Anne Macaulay (left), Linda Macaulay, and the Macaulay Family Foundation are longtime supporters of the Cornell Lab of Ornithology.

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Gift intended to make what’s great even greater

The “magical” Merlin Bird ID app from the Cornell Lab of Ornithology has been enchanting users since it was introduced in 2014. Its real magic is in the science behind the scenes to create the captivating experience of identifying birds by sound or from photos. Drawing from the Lab’s massive eBird database, the app can also narrow down an ID based on day and location information put in by the user.

Developers in the Lab’s Macaulay Library archive, where Merlin was born, believe the app can do more. That’s what Linda Macaulay and the Macaulay Family Foundation are banking on with their latest gift, combining funds from the foundation with a personal gift from Linda Macaulay, totaling 10 million dollars during the next 5 years.

“Our last gift really helped get the Merlin app up and running,” says Anne Macaulay, Linda’s daughter and director of the Macaulay Family Foundation. “We’re hoping this latest gift will help expand Merlin and eBird so they can reach even more people. It’s important to invest in back-end systems. It might not be the most visible or the sexiest thing but if the back end doesn’t work then nothing works!”

The sounds of the Galapagos Flightless Cormorant were recorded by Linda Macaulay in 2019. Listen. Image by The Wildlab, Macaulay Library, Cornell Lab of Ornithology.

Linda Macaulay has long been entranced by the sounds of the wild, especially birds.  Thousands of her sound recordings are housed in the archive named for her family. She says it’s time to reach out to more people in other parts of the world and for Macaulay Library to become the repository of choice for sound recordists everywhere.

“We need to grow the world birding community and create ways for them to share their sightings as well as their media,” she says. “We need to develop a way for scientists and others to curate their own audio collection. We have never had the resources to do that andwhen the recordist retires that material is lost.”

Amassing as many recordings of as many bird species as possible will allow the Macaulay Library’s Merlin team to use its machine learning model to train the  app to recognize more birds in more places. It takes at least 100–150 recordings of a bird’s varied vocalizations to teach Merlin to recognize the species.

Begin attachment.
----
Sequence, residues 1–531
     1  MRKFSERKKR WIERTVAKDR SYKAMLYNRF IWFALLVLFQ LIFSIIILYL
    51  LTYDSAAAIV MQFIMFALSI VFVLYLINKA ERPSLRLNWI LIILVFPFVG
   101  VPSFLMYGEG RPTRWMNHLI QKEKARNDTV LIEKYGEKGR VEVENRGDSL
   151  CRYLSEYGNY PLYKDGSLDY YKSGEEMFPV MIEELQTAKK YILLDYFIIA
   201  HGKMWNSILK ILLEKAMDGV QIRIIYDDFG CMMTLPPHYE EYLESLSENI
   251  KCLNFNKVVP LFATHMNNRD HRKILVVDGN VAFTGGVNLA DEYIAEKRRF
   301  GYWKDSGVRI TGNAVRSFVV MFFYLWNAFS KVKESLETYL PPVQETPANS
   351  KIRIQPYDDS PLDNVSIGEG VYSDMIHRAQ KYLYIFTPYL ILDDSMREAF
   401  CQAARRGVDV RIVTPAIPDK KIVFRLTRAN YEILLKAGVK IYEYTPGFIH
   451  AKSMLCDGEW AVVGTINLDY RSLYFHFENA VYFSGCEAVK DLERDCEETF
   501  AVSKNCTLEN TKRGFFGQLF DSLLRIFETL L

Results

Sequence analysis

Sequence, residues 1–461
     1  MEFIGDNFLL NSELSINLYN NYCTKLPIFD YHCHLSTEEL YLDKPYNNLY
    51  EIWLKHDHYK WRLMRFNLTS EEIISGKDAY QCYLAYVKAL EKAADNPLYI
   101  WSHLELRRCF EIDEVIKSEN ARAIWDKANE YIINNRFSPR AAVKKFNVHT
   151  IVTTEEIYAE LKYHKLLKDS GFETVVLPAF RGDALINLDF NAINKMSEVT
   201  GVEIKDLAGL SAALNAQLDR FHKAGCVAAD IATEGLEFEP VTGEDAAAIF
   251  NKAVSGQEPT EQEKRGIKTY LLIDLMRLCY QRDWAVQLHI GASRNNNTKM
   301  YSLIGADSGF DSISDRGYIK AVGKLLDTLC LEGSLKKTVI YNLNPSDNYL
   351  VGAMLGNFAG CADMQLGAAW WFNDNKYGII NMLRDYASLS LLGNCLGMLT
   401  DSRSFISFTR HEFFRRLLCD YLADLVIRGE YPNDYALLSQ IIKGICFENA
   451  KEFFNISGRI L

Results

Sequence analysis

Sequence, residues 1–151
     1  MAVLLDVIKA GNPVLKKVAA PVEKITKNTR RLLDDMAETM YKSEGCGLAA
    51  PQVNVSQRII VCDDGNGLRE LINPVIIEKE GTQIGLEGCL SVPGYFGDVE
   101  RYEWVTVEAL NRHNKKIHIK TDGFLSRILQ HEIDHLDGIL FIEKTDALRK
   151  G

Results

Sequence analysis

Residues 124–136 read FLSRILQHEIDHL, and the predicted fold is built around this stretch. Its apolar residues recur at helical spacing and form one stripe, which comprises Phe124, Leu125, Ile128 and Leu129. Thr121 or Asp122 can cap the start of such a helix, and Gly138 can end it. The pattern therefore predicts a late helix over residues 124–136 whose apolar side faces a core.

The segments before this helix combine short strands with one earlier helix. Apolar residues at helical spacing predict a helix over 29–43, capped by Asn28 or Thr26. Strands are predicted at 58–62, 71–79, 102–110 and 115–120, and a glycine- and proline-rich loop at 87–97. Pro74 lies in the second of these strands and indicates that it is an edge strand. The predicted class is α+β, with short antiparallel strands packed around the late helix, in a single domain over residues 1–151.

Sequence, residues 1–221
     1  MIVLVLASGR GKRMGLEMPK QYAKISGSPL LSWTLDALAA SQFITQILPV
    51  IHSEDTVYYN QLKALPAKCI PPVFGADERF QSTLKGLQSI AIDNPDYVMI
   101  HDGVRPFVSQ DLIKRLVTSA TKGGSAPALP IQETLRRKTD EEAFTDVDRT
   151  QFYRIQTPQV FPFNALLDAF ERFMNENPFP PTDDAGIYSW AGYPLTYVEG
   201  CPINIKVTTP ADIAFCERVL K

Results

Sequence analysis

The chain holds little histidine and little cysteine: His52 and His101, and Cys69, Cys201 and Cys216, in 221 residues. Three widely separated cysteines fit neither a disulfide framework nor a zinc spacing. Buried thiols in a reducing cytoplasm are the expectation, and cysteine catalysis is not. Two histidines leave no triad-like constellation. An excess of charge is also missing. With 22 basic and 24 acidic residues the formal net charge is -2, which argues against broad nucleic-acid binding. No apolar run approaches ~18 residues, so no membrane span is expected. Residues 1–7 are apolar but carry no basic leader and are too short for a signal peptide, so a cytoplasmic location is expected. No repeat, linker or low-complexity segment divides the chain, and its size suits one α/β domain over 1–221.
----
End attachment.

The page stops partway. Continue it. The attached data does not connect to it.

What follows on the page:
“The Macaulay Library is great right now, but it can be even greater,” says Macaulay Library director Mike Webster. “This gift is really going to allow us to scale up at the global level. The most popular use of Merlin by far is the sound ID feature, which isn’t yet available in major parts of the world. We need to change that if we want to go from data, to science, to conservation action.”

Webster says expanding Merlin’s reach means hiring more developers, programmers, and AI experts. It also means finding the right in-country partners to learn what people there want and need.

“People like to share so that’s one of the features we’re expanding for Merlin and eBird,” adds Linda Macaulay. “But the other thing that’s even more important is the more data we get and the more we can make our systems robust, the better the quality of the data.”

Rapid advances in digital technology have turbo-charged the growth of the Cornell Lab and the Macaulay Library. Only 15 years ago, the archive had about 200,000 audio recordings, but it now has more than 2.2 million, plus millions more holdings in still photos and video clips.

“I think the Lab has always embraced technology in a truly phenomenal way,” Anne Macaulay says. “I have no idea what they will be doing 10 years from now but I have absolute faith that it will be amazing!”

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